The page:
But returning to your question, I think this was, like many other decisions in research, a serendipitous encounter.  Quite early in my undergrad (and even before that) I was fascinated by the Neolithic period, especially by the Vadastra pottery.  The black polished pots, decorated through deep incisions filled with white paste, and with helix or geometrical models are extremely elegant and special, and they definitely drew me in to deep time.  For a couple of years, I have also been to two different tells in southern Romania, and then it came the moment of choosing a topic for my BA thesis.  At first, I had been offered the opportunity of publishing the pottery from a late Neolithic site, but as I soon discovered I did not get too excited about drawing pot shards on millimetre paper.

An anthropomorphic vessel made of fired clay, Vădastra, Vădastra, 5500-5000 BC. National History Museum of Romania, Bucharest: 15908. Image credit: Marius Amarie, New York Times.

By this time, I was already working at the Institute of Anthropology, and one day when I was sitting at my desk by the skull shelves my colleague Andrei Soficaru popped in and said: ‘Why don’t you study the human remains from Neolithic settlements in Romania for your thesis?’.  That was to be my topic for my first Master thesis as well, and it stayed with me even when I moved more into the theoretical aspects.  Thus, when I had to choose a topic for this postdoc I went back to what I knew, and to what I have left ‘unresolved’ in a way, the interpretation of human remains discoveries from settlements from Southern Romania; then extending the area to the Balkans made sense, as in the Neolithic times this area would have shared many cultural commonalities.

TBOM: Thank you very much for joining me today Alexandra, it has been a pleasure to talk to you. and good luck with your DivMeanBody project!

At These Bones of Mine we’ll definitely be keeping a look out as to how the project develops.  I’m sure that my readers would be interested in hearing about the results as well.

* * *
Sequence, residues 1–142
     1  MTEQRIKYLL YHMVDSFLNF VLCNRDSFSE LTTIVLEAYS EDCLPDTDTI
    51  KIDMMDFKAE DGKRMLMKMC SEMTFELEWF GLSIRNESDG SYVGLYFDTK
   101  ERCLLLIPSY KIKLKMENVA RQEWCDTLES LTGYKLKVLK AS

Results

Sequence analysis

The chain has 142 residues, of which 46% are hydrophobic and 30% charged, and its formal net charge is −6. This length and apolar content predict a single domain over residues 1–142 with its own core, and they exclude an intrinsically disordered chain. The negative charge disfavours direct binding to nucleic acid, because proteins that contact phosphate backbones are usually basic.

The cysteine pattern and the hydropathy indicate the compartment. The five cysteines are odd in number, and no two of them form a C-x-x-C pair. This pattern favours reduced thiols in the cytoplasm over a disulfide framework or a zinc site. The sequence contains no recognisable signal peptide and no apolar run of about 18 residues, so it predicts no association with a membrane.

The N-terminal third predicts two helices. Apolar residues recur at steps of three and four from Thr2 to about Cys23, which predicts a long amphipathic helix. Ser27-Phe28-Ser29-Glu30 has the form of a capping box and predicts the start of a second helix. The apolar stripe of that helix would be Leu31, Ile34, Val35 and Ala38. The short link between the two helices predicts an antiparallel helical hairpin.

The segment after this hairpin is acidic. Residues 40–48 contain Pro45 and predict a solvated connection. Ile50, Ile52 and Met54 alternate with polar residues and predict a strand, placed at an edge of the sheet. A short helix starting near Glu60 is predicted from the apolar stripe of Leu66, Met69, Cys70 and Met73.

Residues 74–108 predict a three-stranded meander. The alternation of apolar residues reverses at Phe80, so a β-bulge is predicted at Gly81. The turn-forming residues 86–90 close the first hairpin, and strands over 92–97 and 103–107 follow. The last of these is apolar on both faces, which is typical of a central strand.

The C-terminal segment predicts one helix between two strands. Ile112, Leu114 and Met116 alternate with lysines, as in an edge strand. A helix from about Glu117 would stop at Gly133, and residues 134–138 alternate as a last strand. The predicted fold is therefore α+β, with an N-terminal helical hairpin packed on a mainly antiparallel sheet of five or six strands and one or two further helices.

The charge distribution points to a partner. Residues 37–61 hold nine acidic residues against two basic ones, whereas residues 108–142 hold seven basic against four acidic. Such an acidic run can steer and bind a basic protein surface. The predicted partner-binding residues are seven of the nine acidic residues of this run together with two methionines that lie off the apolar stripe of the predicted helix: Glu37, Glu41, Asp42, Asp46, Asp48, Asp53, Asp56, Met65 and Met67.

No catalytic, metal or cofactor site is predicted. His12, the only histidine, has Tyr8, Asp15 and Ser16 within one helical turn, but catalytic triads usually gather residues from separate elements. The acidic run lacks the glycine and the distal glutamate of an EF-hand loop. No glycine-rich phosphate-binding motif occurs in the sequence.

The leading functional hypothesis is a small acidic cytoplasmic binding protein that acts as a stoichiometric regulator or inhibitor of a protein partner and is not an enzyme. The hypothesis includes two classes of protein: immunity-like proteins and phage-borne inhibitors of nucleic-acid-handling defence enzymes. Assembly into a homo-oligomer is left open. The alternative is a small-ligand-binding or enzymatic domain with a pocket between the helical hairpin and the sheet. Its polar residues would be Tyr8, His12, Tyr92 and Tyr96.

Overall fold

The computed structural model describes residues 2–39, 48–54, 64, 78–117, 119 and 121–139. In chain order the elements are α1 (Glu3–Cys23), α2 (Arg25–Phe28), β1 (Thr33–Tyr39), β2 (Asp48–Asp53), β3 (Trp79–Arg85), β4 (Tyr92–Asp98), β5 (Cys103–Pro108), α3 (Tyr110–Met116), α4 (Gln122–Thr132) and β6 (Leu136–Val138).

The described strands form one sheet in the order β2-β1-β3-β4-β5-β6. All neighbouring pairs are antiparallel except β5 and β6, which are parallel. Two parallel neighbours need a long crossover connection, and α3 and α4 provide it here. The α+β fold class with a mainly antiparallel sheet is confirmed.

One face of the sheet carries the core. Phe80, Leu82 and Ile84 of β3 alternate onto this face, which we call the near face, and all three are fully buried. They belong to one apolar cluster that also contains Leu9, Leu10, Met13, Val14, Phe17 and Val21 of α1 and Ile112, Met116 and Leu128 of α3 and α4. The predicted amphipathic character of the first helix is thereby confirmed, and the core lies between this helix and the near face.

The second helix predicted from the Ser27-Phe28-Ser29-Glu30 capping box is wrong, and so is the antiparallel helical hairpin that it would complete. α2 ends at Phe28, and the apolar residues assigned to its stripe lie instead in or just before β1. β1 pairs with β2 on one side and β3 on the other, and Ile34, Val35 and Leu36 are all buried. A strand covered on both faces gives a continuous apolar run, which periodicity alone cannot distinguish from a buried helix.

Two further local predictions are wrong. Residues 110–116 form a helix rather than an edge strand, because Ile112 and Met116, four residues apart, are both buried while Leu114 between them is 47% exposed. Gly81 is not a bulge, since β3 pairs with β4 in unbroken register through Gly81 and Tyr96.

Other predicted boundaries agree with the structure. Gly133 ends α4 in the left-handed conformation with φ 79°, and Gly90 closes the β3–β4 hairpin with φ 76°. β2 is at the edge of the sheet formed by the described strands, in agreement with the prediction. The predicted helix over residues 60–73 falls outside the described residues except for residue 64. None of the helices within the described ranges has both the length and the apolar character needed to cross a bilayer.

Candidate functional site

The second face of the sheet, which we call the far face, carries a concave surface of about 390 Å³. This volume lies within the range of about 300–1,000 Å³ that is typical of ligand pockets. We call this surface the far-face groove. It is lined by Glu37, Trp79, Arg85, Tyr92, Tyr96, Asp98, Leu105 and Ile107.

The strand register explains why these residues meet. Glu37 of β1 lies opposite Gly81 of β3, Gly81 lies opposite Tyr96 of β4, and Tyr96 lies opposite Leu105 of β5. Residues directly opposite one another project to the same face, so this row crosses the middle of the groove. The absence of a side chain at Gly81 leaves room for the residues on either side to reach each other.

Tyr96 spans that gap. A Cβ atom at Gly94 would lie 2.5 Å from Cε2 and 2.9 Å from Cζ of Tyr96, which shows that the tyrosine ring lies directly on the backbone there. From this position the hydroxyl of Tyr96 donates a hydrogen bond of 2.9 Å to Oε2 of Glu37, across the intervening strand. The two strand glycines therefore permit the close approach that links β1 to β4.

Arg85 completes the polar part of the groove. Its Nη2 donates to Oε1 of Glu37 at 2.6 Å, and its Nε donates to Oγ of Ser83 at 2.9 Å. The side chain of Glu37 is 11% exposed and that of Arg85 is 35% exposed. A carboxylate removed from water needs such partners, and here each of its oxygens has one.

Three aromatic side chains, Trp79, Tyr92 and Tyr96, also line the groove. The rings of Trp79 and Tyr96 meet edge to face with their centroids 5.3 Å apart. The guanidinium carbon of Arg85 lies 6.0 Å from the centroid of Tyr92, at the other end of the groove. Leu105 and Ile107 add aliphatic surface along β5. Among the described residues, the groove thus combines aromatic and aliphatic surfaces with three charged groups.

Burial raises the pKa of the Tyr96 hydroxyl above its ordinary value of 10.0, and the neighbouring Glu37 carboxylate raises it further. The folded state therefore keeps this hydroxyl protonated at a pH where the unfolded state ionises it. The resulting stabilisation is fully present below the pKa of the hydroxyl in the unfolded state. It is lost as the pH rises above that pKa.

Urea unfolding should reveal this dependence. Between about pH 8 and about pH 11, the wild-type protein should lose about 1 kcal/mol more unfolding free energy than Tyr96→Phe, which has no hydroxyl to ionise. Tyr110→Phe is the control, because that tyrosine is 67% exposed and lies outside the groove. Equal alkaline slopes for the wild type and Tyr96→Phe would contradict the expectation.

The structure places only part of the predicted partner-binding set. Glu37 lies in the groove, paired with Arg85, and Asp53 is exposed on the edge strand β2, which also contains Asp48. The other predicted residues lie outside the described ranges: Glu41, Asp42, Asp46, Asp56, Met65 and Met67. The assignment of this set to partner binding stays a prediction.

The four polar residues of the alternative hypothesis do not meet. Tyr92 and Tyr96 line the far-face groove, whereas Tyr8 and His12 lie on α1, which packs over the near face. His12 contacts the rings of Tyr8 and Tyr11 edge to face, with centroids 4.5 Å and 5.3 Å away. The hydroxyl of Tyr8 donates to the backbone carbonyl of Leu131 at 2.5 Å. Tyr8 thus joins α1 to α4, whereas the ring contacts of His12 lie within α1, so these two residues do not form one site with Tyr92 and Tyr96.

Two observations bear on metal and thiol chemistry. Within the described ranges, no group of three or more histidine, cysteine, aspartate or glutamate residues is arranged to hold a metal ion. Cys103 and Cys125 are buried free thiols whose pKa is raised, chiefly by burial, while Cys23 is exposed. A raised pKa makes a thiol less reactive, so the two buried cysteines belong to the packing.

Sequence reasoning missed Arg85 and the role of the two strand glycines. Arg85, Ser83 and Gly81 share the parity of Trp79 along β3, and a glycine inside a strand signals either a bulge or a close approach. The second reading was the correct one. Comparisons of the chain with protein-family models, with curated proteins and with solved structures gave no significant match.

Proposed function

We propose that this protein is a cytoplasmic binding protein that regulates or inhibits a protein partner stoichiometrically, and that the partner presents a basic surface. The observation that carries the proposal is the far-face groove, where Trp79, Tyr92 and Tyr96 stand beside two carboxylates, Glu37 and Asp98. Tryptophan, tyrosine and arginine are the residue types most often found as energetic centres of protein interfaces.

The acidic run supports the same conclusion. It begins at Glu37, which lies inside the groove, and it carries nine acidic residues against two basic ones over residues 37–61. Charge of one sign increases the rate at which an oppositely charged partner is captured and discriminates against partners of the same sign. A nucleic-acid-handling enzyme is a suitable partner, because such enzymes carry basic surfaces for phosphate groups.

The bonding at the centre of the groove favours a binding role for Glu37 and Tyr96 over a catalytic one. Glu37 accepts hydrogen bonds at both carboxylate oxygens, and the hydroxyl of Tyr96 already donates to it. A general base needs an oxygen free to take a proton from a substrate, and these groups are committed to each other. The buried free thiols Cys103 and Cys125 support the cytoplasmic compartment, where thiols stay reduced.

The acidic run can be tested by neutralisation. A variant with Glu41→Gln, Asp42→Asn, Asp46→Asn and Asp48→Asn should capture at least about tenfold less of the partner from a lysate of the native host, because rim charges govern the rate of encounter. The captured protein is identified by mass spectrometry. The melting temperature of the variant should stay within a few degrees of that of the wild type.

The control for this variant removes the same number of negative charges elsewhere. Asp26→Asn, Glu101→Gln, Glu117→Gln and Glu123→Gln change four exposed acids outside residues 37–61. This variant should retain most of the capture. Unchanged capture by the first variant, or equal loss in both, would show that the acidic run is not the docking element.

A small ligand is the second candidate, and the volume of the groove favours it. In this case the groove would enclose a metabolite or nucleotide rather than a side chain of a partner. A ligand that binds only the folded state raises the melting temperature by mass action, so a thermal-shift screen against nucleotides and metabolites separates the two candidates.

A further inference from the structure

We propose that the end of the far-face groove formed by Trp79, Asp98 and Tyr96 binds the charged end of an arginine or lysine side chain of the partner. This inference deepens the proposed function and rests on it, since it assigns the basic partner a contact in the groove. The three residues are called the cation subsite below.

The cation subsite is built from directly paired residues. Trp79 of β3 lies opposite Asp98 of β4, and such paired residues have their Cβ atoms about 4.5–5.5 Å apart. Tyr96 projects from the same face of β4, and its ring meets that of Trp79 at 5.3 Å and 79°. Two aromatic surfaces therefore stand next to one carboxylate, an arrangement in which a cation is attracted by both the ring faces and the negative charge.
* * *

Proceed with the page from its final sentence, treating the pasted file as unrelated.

AI:  Thank you David for a wonderful opportunity to talk about some of my work!

Further Information

  • You can check out Alexandra’s personal blog, entitled Bodies and Academia, which features a great range of thought-provoking and interesting posts on osteoarchaeology and anthropology.  Alternatively, for bite-sized chunks, check out Alexandra’s Bodies and Academia Twitter page here.
  • For all of the latest updates on the DivMeanBody project check out the website home page here.

Bibliography

Ion, A., Soficaru, A., & Miritoiu, N. 2009. Dismembered Human Remains from the ‘Neolithic’ Cârcea Site (Romania). Studii de Preistorie6: 47 – 79.

Dobos, C. & Ion, A. (eds.) 2015. Bodies/Matter: Narratives of Corporeality. Special Volume of Martor -The Museum of the Romanian Peasant Anthropology Review. 20. Bucharest: Martor. (Open Access).

Ion A. 2015. Breaking Down the Body and Putting it Back: Displaying Knowledge in the ‘Francisc I. Rainer’ Anthropological Collection. Martor – The Museum of the Romanian Peasant Anthropology Review20: 25-50. (Open Access).

Ion, A. 2016. The Body of the Martyr. Between an Archival Exercise and the Recovery of his Suffering. The need for a Recovery of Humanity in OsteoarchaeologyArchaeological Dialogues. 23 (2): 158–174. doi: 10.1017/S1380203816000209.

Ion, A. 2017. And then they were Bodies: Medieval Royalties, from DNA Analysis to a Nation’s Identity, in Premodern Rulership and Contemporary Political Power. The King’s Body Never Dies, (eds.) Karolina Mroziewicz, Aleksander Sroczyński, 217-237. Amsterdam: Amsterdam University Press.

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Four of A Kind: Body Focused Books

7 Dec

There has been a recent spate of publications that will interest the wide variety of professions that study and work with the human body, and a few that will be of major interest to those in the bioarchaeological and anthropological fields who study both the physical remains of the body and the cultural context that these bodies lived, or live, in.  With the annual Christmas celebrations a matter of weeks away, I’d thought I’d highlight a few publications that could potentially be perfect presents for friends and family members who are interested in the human body, from anatomical inspection to the personal introspection of what my body, and yours, can inform us of ourselves and the world around us…

bodybooks

Cover shots of the four books discussed below.

Adventures in Human Being: A Grand Tour from the Cranium to the Calcaneum by Gavin Francis. London: Profile Books (in association with the Wellcome Collection).